What is Dark Pool Trading? – Introduction
Many people are asking the question - what is a dark pool? Where does it fit into the world of finance? Dark pool trading takes place in an environment similar to an exchange which allows for the private trading of securities. Large amounts of stocks, estimated to be around 15% of total trading volume in the US, are offered away from public exchanges in these dark pools. The very name dark pool comes from the lack of transparency that is the hallmark of these trading arenas. It is in fact, this confidentiality that draws most investors to trade in a dark pool. The majority of dark pool trades are block trades conducted by financial institutions. The greatest benefit of making these trades in a dark pool is that the market is not influenced by the placing of a large order, and therefore the price is not affected.
The Origin of Dark Pools
Dark pools came into existence in the 1980s, and the decentralization of physical trading venues along with the increased prevalence of electronic trading with the use of electronic exchanges has been instrumental in allowing this to happen. It is actually suggested that this dark pool type of trading has been around longer than when it was given the name in the 1980s, and that it was previously known as “upstairs trading”.
How to Access Dark Pools
Some dark pools are accessed through a system called a crossing network. A crossing network is an electronic trading system that matches buy and sell orders without making these orders public. Dark pools may also be entered by private contractual arrangement, and there are others that are accessible to the public through a retail broker.
What is a Dark Pool Structure?
Some dark pools are independent companies whose specific purpose is the providing of an anonymous trading environment. Other dark pools are created through a broker, to facilitate undisclosed trading between the clients of the broker. Finally, there are dark pools which are operated by exchanges, offering their clients the privacy of unidentified trading, but with some of the structure of regular exchange trading.
What is a Dark Pool Safety Level?
Contrary to the often-held belief that there is something shady about dark pool trading, dark pools are actually highly regulated. All dark pool operators are registered with the SEC and they are controlled in the same manner as an exchange, with periodic audits and inspections.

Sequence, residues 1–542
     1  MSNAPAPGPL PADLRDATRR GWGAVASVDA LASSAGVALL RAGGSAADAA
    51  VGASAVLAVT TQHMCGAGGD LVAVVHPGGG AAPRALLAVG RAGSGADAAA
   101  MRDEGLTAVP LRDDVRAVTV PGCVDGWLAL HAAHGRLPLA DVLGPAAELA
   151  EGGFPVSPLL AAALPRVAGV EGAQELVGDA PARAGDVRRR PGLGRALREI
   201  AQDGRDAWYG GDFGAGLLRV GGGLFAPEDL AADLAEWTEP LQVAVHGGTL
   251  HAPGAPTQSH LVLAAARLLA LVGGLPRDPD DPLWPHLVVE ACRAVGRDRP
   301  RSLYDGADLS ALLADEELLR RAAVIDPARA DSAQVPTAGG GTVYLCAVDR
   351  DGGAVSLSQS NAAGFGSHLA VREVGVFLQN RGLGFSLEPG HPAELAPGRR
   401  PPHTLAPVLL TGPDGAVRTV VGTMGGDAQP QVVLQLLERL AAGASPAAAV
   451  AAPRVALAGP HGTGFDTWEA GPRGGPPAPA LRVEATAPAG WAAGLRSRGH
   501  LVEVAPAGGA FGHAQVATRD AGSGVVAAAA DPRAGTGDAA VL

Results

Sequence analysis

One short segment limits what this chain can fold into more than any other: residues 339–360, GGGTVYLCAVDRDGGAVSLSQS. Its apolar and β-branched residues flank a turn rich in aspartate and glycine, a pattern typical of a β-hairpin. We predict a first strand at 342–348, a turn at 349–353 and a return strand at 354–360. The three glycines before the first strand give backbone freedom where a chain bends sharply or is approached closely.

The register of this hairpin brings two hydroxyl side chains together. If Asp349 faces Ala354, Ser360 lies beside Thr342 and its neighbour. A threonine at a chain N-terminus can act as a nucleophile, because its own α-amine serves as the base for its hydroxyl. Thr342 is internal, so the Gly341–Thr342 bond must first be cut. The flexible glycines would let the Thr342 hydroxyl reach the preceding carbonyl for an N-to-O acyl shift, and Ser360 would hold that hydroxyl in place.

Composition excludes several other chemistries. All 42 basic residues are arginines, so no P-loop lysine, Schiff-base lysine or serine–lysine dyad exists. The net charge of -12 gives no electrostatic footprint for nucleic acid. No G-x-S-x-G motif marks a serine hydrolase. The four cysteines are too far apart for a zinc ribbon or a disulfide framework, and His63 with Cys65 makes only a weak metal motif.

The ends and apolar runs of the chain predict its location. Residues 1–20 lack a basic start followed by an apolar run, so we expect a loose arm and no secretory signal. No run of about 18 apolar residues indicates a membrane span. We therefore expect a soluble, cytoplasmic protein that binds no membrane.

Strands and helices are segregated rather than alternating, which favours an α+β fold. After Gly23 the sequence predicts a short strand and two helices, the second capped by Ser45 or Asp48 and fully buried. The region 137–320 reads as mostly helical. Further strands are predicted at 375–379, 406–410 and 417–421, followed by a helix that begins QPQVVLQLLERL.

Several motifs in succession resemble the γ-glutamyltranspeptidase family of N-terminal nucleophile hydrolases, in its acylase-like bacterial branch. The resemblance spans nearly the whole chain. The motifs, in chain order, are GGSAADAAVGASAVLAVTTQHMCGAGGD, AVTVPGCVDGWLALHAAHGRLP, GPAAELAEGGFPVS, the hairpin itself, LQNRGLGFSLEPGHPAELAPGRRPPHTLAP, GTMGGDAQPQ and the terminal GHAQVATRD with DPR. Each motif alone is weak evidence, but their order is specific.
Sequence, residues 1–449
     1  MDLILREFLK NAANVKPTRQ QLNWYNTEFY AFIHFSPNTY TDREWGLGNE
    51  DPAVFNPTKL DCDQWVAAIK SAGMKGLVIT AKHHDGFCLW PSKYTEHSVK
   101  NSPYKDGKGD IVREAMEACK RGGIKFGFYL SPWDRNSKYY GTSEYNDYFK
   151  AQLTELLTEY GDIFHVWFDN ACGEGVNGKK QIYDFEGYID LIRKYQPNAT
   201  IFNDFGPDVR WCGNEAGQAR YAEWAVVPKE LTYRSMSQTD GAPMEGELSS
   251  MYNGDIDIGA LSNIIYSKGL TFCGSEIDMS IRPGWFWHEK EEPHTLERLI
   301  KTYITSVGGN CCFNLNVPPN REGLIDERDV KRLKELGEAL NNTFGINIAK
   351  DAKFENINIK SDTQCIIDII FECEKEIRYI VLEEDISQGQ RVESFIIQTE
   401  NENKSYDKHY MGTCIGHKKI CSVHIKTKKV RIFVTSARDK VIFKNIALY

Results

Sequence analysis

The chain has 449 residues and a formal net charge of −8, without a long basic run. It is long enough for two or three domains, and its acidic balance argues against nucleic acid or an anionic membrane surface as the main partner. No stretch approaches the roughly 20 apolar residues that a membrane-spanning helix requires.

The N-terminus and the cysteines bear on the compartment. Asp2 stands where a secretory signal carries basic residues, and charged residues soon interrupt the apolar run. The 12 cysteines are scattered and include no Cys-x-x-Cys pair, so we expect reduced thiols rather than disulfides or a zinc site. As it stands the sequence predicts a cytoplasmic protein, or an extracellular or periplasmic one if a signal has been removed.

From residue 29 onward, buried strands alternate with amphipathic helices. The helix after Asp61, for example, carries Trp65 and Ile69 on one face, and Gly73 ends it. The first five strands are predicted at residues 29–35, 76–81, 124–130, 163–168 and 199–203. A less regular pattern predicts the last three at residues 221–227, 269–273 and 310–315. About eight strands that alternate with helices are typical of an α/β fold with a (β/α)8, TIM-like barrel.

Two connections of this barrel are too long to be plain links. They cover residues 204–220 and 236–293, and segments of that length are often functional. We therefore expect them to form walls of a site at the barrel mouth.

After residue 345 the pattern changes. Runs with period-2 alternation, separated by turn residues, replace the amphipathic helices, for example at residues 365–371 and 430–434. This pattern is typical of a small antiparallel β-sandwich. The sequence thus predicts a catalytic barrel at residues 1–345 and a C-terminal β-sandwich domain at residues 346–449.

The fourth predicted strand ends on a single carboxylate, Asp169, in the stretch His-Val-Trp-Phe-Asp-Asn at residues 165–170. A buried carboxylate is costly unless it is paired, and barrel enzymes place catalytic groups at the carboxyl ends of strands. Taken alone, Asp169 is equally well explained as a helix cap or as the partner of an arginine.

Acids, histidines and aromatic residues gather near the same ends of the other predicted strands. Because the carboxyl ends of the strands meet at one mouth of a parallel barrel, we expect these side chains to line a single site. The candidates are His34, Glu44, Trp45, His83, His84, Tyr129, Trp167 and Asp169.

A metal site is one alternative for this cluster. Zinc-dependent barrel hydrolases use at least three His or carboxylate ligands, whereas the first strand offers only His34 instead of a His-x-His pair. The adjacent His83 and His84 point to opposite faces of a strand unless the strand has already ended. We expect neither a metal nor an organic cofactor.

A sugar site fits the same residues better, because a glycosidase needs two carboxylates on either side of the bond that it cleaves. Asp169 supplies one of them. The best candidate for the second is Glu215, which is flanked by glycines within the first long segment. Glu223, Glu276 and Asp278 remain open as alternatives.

What is a Dark Pool Scandal?
Dark pools have been attracting attention and controversy in the media, with one especially prominent example being the lawsuit filed against Barclays in June 2014. The lawsuit, filed by New York Attorney General Eric T. Schneiderman listed several complaints about the banking group’s dark pool operations. These included the falsification of data relating to the number of high-frequency traders involved in the dark pool, and the improper use of confidential customer information.
Benefits of Dark Pool Trading
The biggest benefit of trading in a dark pool is that the market is not affected by the disclosure of a large order as it would be on a public exchange. This means that the trader frequently has the chance of attaining a better price than on an exchange trade.
An institutional trader seeking to sell a large block of shares often has a better possibility of finding a buyer for the whole block of shares as dark pools specifically attract big investors.
The costs incurred by trading in a dark pool may be reduced as a result of saving on exchange fees.
Drawbacks to Dark Pool Trading
If information is leaked, then the advantage of the undisclosed trading offered by a dark pool is rendered inapplicable. This may further be compounded if the dark pool is frequented by traders who seek to prey on any hint of trading intelligence using practices such as front-running.
Situations such as in the lawsuit against Barclays may put a trader at a disadvantage if the dark pool is not adhering to good business practices.
A Final Word on What is a Dark Pool in Trading
A dark pool in trading is a private trading arena which allows for undisclosed trading that may offer advantages, especially to institutional traders of large blocks of shares. While there is some controversy surrounding these alternative trading venues, they continue to attract a large amount of participation, indicating that for certain types of trading, off-market is a viable way to trade.